3. Train and Empower Your Employees
When you’ve found a great hire and are ready to take the next step in staffing for senior care, be sure to set your new employee up for success. Hiring is a great time to do a quick check and assess all your internal processes and documentation. Do you have thorough job descriptions in place? Do you have procedures and protocols clearly documented? How is your emergency response plan?
Many employees feel lost when they get into new or intense situations on the job and don’t have the right training. For some employees, these are make-or-break moments that can make them seek employment elsewhere. Untrained employees are also a significant liability for your facility and the safety of your residents.
During the onboarding and training process, keep communication open and take time to answer all questions. Ensure that, at minimum, new staff members know who they should contact for help and what they should do in case of an emergency. This response training should extend to every staff member from cafeteria and maintenance workers to nursing staff, reception, and leadership.
4. Empower and Listen to Employees
In a study of public administration employees, empowering staff greatly reduced turnover. Empowerment has become a buzzword among HR professionals these days because they know it’s the secret to keeping on great staff.
What does empowerment mean for your employees? It means that they have the knowledge and tools to confidently make decisions throughout their workday without fear of negative consequences or backlash. Not every decision every employee makes is perfect, of course, but if you’ve trained your employees properly, they should be able to assess when they can take care of something versus when they need to request help.
Micromanagement and too much oversight, on the other hand, can leave employees feeling unheard and like they don’t really matter. In staffing for senior care, this translates to a lack of initiative and higher employee turnover. Communication is crucial between management and staff. Leadership should know how to listen and guide without shame, blame, or letting their personal frustrations flair. If this sounds like a challenge for your team, it may be time for more training across the board.
5. Focus on Team Building and Bringing Joy to the Job
If you want to lower employee turnover and keep your great employees happy, it’s essential to focus on the joy of your job. Senior care can be richly rewarding. Care providers often experience a great sense of purpose and commitment to those in their care. It’s an industry built on relationships and human connection, making it an excellent fit for kind-hearted and service-minded individuals.
In the drudgery and frustrations of day-to-day work, the positives of working in senior care may fall by the wayside. Leadership gets busy, and workforce retention slips to the backburner. But offering a few fun acknowledgments and appreciation can go a long way toward boosting staff morale.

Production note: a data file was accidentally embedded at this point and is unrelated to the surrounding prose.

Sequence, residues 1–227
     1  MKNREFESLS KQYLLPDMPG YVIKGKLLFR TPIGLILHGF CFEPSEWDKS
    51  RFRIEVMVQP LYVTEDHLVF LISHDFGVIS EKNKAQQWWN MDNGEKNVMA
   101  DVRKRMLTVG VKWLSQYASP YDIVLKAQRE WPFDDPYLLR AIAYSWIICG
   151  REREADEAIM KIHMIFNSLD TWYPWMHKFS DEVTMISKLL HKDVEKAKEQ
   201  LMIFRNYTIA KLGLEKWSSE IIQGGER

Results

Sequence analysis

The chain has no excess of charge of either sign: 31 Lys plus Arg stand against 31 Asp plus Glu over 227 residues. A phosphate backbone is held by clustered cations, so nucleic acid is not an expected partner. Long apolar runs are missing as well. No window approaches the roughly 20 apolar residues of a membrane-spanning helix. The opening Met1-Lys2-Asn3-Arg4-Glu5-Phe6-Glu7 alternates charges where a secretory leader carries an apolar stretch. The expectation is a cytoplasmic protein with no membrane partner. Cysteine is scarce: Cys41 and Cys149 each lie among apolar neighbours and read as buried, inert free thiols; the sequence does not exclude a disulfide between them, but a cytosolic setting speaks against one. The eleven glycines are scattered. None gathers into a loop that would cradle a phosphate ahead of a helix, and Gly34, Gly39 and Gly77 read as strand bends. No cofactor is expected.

Consider offering staff free meals, treats, or activities. Classes for stress-reduction techniques like mindfulness, yoga, or offering chair massages can be a helpful way to let staff know that you see them and notice their efforts. Encourage staff to communicate with leadership when there’s a concern or a problem BEFORE it gets out of hand. Often, little irritations build up until a good staff member is ready to quit when a minor intervention reduces stress.
6. Learn from and Listen to Those Who Leave
Finally, if you’re looking for best practices in staffing for senior care, conduct exit interviews! When staff is on the way out, it can be hard not to dismiss their concerns and just let them go. But these staff members are leaving with valuable insight into what could have made them stay. Perhaps it’s too late to convince them to stay on board, but it might prevent future turnover, and that’s huge.
A well-conducted exit interview can offer you many insights into issues that leadership may not otherwise recognize. Of course, it’s hard for employees to be brutally honest in their exit interviews (many are concerned about keeping positive references or don’t want to burn a bridge), but encourage them to be as candid as possible.
Find out why they’re leaving and, if possible, what drew them to their new employment. If it’s more competitive pay or a robust benefits package, you may not be able to match it, but it will give you insight into future adjustments you need to make. For company culture issues, do your best to address these concerns from now on to ensure you retain other great employees for as long as possible.
At the end of the day, it’s worth extra effort around hiring, training, and staffing to attract excellent employees to your facility. Residents will be happier, healthier, and better served by excellent staff. You won’t lose valuable funds continually recruiting and hiring more staff, and you’ll experience better buy-in and commitment, which will ultimately translate to better care for residents.
When employees feel valued, they are more likely to stay at their current employment (and even take less money for more meaningful work). Senior care can be one of the most fulfilling and rewarding jobs in the world when done right. Encourage and validate employees to bring out the best in your staff.